Photo by Fredrik Rubensson entitled ‘diary writing’ (Creative Commons Attribution-ShareAlike 2.0 Generic), link through photo

The more reading I do about the subject of writing, the more I come across this idea: you must take your writing life seriously. Gabriela Pereira says it in DIY MFA, Carolyn See in Making a Literary Life, and Andi Cumbo-Floyd says it excellently in this recent post on their blog.

There are internal and external factors that lead to our writing lives dwindling. Internally, I struggle with the insecurity that my writing isn’t good enough; I bump up against the frustration that I will need to put in so much time and practice to, maybe, never get anywhere at all. I worry that I will spend years writing something that was ‘wasted’ because I discovered I wanted to write something else (or that what I was writing was the wrong type of thing to begin with). Externally, there’s the laundry. Graduate school assignments and research. Friends and family and the commitments they entail. Grocery shopping, cooking… even exhaustion which zaps my creative spirit.

It’s not that I’m not taking my writing seriously, though. My writing has never been a joke. It’s just that we writers often aren’t willing to get hitched to it. When you marry (I hear, anyway), there are good days and bad days… or weeks, or months, or years. There are internal and external struggles that are informed by your past baggage, present circumstance, and future goals – and you have to commit yourself to taking the time to work on the marriage through all combinations of baggage, circumstance, and goals if it’s going to keep happening.

If your writing is neglected, if you refuse to support it, how can your relationship flourish? How can you grow as a writer if you don’t take the time to understand and communicate with your writing? It’s not about taking the job/task of writing seriously, I think most of us do, but about committing yourself to your writing with the same focus and dedication you would commit yourself to another person. So here are my tips for getting hitched to writing:

  1. Plan date nights – everyone knows dating shouldn’t end when you put a ring on it. Plan special (and fun!) date nights with your writing where you explore something new together and keep distractions at bay. Let the date reinvigorate your passion for writing and remind you why you started in the first place. Have a guilty pleasure project? Now’s the time!
  2. Communicate about big goals – both partners in a relationship should always be on the same page when it comes to big picture goals. Every few months, reserve a few hours where you sit down and write out your writing goals, reviewing the progress you’ve made since your last check-in. It’s okay if goals change or if you need to spend time brainstorming how to make a goal happen; this will just help you focus your attentions on where this relationship has been and where you plan for it to go (the plan is seriously key).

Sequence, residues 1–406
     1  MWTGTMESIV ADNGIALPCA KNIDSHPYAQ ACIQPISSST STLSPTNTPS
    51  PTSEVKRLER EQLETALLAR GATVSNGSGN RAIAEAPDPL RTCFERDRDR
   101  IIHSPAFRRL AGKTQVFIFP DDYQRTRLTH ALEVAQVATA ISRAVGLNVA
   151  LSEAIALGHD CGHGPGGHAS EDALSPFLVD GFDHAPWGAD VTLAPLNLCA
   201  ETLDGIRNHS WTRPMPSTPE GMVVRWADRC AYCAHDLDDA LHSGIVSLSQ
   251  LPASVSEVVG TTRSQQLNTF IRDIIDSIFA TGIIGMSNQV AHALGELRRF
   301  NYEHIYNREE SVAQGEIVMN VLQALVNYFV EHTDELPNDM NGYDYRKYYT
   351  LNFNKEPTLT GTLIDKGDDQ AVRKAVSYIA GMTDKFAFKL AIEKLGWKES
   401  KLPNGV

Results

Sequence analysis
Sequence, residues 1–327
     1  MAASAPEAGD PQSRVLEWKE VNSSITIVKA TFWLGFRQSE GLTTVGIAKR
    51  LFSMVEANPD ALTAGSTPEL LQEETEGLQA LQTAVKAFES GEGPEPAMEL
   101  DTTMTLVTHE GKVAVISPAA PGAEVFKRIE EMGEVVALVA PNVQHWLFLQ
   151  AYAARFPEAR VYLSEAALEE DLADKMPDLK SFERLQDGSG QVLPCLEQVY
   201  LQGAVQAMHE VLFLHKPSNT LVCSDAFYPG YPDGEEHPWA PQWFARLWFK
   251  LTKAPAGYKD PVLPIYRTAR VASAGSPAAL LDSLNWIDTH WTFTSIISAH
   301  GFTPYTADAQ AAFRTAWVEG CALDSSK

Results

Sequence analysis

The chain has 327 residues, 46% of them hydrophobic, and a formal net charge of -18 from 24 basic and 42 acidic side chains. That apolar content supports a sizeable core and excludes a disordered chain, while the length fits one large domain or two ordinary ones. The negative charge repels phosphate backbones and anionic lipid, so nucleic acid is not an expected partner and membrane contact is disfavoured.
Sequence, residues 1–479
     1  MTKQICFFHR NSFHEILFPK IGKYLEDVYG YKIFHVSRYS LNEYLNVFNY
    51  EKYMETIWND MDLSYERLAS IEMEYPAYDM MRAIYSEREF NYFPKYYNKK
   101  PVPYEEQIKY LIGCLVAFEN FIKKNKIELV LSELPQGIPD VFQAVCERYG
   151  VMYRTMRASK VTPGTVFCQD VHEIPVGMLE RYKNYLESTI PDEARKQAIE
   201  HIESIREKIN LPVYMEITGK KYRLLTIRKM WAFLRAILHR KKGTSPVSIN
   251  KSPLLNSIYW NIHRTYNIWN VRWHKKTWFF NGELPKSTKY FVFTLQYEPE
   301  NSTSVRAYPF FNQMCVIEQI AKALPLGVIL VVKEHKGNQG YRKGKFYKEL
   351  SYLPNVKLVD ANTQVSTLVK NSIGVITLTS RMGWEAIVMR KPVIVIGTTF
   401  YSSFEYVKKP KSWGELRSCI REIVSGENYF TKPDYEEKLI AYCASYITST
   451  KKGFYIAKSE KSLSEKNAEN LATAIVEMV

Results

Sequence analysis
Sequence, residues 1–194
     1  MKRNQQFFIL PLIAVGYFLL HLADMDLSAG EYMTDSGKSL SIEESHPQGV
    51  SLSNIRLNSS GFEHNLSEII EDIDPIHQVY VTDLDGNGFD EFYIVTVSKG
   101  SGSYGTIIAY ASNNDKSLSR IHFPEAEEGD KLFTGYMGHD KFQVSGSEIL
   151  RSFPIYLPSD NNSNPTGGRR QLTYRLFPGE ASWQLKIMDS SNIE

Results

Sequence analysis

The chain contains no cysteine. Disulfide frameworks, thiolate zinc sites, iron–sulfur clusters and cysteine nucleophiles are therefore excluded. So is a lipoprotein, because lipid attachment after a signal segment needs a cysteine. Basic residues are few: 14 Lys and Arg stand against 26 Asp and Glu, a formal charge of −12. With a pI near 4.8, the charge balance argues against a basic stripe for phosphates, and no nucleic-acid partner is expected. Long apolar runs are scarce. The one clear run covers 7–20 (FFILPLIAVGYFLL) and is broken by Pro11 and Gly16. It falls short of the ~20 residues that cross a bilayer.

3. Prioritize – you wouldn’t have a very successful relationship if you didn’t prioritize time with your partner! We do some of this easily by living with the other person but, even so, relationships need more than just ‘co-existence’ time. Similarly, don’t just ‘co-exist’ with the writing inside you. Plan out time for your writing each week (be it lots of time or a little) and then prioritize it – nothing short of a disaster/emergency should cut into the time you’ve scheduled with your love. How would your real-life partner feel if you continuously broke your promises? Yeah, don’t do it to your writing either.
  4. Give yourself ‘you’ time – I believe you can’t be your best self in a relationship when you don’t focus, sometimes, on pampering you. The amount of ‘you’ time you need will vary based on your life and your writing schedule and can be anything from a bubble bath to rock climbing. Make sure this time makes it onto your schedule so you don’t sacrifice too much to your writing relationship and end up burned out or bitter.

What are your tips for either ‘getting hitched’ to writing (or taking it seriously)? Do you find schedules and planning work for you or do you like to do everything on the fly? Let me know in the comments. 🙂

Categories: Writing


Meghan Barrett is a student at Drexel University, earning her PhD in Biology. She previously attended the State University of New York at Geneseo, where she earned a B.S. in Biology and English/Creative Writing and was a part of the Honors College. Meghan was a founding member of NeuWrite/Edu, a science-writing collaboration group at Geneseo, and worked as a Writing Intern for Phi Beta Kappa's Online News Site, The Key Reporter.


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